More than 20 people could be sick in Israel in a Salmonella outbreak because of chocolate products made by Strauss.
The Israeli Ministry of Health reported 21 patients of various ages are linked to the incident and six have been hospitalized. Samples were collected from 16 cases and results will be available in the coming days.
According to test results received so far, there is no link between the Israeli chocolate incident and the Ferrero monophasic Salmonella typhimurium outbreak that has affected 200 people in 12 countries from Kinder chocolate products made in Belgium.
This past week, the Ministry of Health inspected Strauss’s factory in Nof Hagalil. This uncovered “significant” failings in the company’s protocols. The agency has suspended the plant’s approval for three months or until the issues detected during the visit have been rectified. Strauss is expected to address the failings and respond to the findings within 14 days.
Widely distributed products
Strauss has recalled Elite branded items such as cakes, wafers, energy grain snacks, energy chocolate rice cakes, chewing gum and toffee candies of all dates. They were distributed in the United States, Canada, Australia, New Zealand, Austria, France, Germany, Hungary, Italy, Netherlands, Poland, Romania, Spain and the United Kingdom.
From about 300 samples collected from the factory’s production line, raw materials, in-progress products and finished items both within the factory and from the market, about 30 positives have been found. Salmonella was detected on a production line and in the liquid chocolate used to make finished products.
Positive samples have been sent to the National Salmonella Center at the Ministry of Health’s Public Health Laboratory to determine the type of Salmonella.
Strauss has previously apologized for the contamination and via a statement said: “We will study and learn from the incident, change and improve the testing system and return to production only when we know that the factory and production lines are in order and the products are safe.”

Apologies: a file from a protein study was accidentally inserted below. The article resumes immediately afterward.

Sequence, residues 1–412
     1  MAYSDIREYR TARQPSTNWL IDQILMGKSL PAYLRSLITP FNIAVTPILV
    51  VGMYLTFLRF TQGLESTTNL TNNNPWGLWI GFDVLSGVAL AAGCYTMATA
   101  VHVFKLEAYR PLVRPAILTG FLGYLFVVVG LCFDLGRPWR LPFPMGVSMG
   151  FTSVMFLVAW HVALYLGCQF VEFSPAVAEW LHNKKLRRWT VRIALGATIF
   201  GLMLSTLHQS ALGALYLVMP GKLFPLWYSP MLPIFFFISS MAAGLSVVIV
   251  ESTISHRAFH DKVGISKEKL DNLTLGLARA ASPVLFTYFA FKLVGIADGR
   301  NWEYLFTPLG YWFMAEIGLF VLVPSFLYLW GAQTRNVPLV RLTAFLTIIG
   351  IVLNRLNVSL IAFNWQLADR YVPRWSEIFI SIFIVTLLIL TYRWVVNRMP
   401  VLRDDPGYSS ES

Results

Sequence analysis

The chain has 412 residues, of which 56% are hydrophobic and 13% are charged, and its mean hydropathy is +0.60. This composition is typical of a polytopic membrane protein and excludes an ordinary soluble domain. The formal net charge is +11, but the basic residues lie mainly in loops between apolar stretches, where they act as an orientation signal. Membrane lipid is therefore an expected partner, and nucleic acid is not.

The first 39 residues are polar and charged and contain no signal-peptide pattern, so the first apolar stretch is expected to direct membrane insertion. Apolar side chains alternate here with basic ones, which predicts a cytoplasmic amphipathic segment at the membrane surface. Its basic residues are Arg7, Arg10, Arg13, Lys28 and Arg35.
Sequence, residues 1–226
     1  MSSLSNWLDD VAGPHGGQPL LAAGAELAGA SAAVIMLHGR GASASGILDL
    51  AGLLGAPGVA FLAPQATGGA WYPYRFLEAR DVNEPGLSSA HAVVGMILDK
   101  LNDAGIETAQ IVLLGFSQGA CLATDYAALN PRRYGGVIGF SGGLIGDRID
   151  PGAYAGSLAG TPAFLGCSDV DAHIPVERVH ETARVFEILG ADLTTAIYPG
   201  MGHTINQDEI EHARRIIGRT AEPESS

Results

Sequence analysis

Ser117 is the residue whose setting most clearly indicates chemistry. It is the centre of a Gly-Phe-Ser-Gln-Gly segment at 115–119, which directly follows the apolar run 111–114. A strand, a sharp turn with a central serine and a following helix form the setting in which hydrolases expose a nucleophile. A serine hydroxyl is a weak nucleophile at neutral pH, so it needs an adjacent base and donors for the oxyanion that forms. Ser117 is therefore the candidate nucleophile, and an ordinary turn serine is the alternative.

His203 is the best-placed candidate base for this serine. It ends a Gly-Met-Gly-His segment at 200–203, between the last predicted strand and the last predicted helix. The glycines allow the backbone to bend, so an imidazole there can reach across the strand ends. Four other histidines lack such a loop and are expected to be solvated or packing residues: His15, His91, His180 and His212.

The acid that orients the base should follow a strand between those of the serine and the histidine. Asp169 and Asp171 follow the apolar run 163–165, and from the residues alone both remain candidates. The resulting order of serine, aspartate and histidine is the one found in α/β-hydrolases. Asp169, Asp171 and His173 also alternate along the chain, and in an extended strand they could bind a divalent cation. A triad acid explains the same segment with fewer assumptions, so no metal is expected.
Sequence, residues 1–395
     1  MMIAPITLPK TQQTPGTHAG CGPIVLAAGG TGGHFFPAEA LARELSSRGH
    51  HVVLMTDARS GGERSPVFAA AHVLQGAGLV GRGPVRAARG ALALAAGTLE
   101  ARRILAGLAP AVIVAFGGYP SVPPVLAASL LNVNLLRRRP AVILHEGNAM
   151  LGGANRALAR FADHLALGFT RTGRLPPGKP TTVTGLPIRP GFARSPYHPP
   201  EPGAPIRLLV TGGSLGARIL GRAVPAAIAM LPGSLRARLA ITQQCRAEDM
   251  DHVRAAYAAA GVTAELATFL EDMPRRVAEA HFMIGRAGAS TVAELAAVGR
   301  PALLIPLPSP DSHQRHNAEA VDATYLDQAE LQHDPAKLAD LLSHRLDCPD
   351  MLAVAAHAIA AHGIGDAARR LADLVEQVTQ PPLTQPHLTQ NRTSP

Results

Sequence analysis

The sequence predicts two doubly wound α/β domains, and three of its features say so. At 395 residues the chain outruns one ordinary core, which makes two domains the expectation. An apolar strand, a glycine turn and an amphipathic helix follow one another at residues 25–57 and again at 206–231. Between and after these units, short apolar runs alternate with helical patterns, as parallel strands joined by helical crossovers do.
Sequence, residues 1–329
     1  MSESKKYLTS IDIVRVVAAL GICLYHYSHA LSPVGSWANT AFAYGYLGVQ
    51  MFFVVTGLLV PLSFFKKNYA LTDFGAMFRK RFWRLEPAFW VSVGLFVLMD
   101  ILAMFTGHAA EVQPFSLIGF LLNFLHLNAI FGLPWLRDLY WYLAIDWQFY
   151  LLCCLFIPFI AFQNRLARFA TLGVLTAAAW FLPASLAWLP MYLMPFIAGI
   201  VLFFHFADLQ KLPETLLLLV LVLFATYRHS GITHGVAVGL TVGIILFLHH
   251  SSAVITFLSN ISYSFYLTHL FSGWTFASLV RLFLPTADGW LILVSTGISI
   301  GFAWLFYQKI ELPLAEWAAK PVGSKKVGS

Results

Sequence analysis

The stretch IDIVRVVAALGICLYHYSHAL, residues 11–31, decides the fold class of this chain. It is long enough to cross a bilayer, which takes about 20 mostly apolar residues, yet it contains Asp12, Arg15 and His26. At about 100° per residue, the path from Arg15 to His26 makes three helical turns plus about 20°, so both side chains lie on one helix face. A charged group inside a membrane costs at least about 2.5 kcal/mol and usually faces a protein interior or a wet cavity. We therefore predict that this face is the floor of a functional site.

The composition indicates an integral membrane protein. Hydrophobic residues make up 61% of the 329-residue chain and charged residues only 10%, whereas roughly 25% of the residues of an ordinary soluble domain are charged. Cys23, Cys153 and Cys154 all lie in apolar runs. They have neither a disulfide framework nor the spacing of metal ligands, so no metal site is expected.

Findings from inspection
The inspection revealed that maintenance had been performed in the factory in the past few months while chocolate making continued unchanged. The Ministry of Health said potential risks to the manufacturing process and quality control measures were not taken into account.
The plant’s quality assurance staff had been replaced during the course of the past year and the director of food safety role was vacant. The Ministry of Health said these findings point to quality assurance and safety being lacking in the factory.
It was also revealed that an unnamed client had filed a complaint that Salmonella indicators were higher than the levels permitted for liquid chocolate. However, the alert was not processed by the company as required and no tests were done to determine the presence of Salmonella.
Several weeks before the audit there was a pigeon infestation in the manufacturing area of the site. The company said this was dealt with immediately and an exterminator was used.
Inspectors uncovered a problem in defrosting the dairy fat component of milk chocolate. This process was not done in line with the manufacturer’s defrosting and storage instructions, which may lead to contamination.
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